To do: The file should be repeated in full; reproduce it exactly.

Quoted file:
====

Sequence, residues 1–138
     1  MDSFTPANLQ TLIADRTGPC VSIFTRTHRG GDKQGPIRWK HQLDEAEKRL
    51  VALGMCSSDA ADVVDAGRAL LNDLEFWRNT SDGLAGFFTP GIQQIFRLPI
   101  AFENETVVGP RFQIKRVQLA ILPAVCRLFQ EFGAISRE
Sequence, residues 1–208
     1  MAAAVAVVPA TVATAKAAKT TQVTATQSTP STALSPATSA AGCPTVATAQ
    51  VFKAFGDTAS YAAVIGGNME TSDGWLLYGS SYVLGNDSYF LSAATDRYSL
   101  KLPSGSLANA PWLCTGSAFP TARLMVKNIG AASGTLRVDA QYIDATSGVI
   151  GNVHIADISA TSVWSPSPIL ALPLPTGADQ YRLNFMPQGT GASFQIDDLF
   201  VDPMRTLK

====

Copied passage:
Sequence, residues 1–138
     1  MDSFTPANLQ TLIADRTGPC VSIFTRTHRG GDKQGPIRWK HQLDEAEKRL
    51  VALGMCSSDA ADVVDAGRAL LNDLEFWRNT SDGLAGFFTP GIQQIFRLPI
   101  AFENETVVGP RFQIKRVQLA ILPAVCRLFQ EFGAISRE
Sequence, residues 1–208
     1  MAAAVAVVPA TVATAKAAKT TQVTATQSTP STALSPATSA AGCPTVATAQ
    51  VFKAFGDTAS YAAVIGGNME TSDGWLLYGS SYVLGNDSYF LSAATDRYSL
   101  KLPSGSLANA PWLCTGSAFP TARLMVKNIG AASGTLRVDA QYIDATSGVI
   151  GNVHIADISA TSVWSPSPIL ALPLPTGADQ YRLNFMPQGT GASFQIDDLF
   201  VDPMRTLK